Posterior predictive checks
The toolbox now calculates 2 measures of “goodness of fit” of the models. This is a useful quantitative reassurance that the models describe the participant discounting behaviour better than chance. In turn, this is important when we come to deciding which (if any) data files we should exclude.
- You can go and download the latest release here, or check out the updated wiki on data exclusion.
- Check out the project page here.
Percent responses predicted
The most interpretable measure we calculate is what percentage of each participant’s responses were successfully predicted by the model. We in fact get a distribution over this measure which reflects our confidence in the parameter estimates. In other words, we get a percentage predicted score for every MCMC sample, and therefore uncertainty in parameter estimates will be reflected in uncertainty of model goodness.
I’ve added a new column in the exported parameter estimates called `warning_percent_predicted`. If it is set to 1 (i.e. true) then we should probably exclude this participant. This warning flag is triggered when the 95% highest density intervals overlap with 50% prediction. This amounts to saying that we will exclude participants if the model cannot explain their behaviour better than a control/random response model.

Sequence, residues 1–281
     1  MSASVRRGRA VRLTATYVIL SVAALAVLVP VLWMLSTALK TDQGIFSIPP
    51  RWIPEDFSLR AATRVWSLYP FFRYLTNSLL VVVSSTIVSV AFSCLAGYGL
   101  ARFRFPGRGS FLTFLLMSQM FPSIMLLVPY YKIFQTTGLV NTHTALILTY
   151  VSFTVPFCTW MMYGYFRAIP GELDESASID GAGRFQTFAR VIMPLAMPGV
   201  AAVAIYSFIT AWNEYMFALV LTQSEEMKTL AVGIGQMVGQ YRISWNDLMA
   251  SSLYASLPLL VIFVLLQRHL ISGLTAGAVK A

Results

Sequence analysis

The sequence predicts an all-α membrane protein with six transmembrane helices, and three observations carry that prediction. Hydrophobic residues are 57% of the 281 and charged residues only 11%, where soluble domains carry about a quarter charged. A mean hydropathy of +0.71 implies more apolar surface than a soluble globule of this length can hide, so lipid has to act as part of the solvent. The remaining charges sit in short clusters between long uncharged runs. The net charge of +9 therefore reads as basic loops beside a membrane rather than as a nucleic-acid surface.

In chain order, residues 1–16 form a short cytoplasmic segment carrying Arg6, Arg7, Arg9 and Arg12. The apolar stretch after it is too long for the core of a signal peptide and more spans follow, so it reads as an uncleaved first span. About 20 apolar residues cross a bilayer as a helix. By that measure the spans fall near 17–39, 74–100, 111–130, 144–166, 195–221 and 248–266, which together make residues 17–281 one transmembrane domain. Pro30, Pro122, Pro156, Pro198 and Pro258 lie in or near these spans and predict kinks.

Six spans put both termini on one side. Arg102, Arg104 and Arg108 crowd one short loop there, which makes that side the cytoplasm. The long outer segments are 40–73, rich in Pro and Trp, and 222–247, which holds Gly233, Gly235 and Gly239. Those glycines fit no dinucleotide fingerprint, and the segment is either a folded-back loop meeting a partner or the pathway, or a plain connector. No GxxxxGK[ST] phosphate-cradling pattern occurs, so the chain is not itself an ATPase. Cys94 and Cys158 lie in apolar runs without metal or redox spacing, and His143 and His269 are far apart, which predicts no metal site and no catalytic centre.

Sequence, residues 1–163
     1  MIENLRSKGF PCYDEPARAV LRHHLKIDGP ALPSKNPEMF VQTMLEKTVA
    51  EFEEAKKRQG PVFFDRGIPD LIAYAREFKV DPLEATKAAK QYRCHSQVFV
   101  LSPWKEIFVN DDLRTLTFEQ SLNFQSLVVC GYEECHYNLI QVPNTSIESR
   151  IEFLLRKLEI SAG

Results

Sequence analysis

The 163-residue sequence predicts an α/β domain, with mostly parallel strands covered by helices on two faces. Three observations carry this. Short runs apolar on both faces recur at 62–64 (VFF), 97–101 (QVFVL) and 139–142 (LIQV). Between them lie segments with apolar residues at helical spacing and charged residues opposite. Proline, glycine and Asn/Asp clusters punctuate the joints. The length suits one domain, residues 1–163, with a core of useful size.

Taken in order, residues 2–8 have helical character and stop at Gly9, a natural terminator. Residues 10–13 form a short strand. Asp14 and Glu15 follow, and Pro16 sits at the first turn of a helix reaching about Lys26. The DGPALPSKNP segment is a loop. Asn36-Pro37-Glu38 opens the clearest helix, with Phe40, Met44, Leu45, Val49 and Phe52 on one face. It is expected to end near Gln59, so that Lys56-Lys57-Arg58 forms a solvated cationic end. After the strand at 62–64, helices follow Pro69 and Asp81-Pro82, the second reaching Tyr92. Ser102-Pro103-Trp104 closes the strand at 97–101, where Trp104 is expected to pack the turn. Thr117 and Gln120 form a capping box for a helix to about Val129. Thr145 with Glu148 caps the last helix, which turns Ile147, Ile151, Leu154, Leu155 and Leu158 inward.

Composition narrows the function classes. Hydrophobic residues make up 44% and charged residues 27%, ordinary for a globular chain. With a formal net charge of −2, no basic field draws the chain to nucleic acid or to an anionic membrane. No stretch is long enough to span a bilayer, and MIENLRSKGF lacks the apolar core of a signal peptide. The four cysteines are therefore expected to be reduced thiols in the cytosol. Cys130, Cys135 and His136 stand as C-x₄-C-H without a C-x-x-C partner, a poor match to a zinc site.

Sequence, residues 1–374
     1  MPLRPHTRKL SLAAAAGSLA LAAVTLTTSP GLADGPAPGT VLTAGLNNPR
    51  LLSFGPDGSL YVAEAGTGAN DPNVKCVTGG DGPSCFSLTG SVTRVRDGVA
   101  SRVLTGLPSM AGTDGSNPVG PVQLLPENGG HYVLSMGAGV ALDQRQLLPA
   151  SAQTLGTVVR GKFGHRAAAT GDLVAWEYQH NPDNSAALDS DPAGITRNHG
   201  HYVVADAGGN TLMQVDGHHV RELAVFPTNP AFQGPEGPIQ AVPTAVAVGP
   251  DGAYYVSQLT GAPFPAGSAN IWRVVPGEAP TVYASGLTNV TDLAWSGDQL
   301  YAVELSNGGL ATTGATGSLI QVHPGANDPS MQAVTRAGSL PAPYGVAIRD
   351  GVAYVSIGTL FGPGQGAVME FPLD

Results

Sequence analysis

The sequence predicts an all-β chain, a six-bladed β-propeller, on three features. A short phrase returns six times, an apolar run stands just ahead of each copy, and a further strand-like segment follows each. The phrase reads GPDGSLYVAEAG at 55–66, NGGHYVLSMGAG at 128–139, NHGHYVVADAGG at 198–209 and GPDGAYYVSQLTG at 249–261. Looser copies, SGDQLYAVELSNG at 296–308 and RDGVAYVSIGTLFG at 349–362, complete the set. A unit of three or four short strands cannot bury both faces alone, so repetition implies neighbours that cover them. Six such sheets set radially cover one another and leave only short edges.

Goodness of fit score
I also calculate the log ratio of the probability of the responses under the model verses the control/random response model. Scores around zero imply the model does no better than chance. Currently, this score is calculated, but I use the percent predicted measure more, due to it’s interpretability.
We also get a new figure, giving some insight into the posterior predictive checks.
- Top left shows responses and predictions as a function of trial.
- Top right shows the distribution of goodness of fit score. Higher scores correspond to better fits.
- Bottom left: possibly not that useful, but response shown as a function of predicted response.
- Bottom right: distribution of proportion responses accounted for. Overlap with 0.5 indicates not better than a control/random preference model.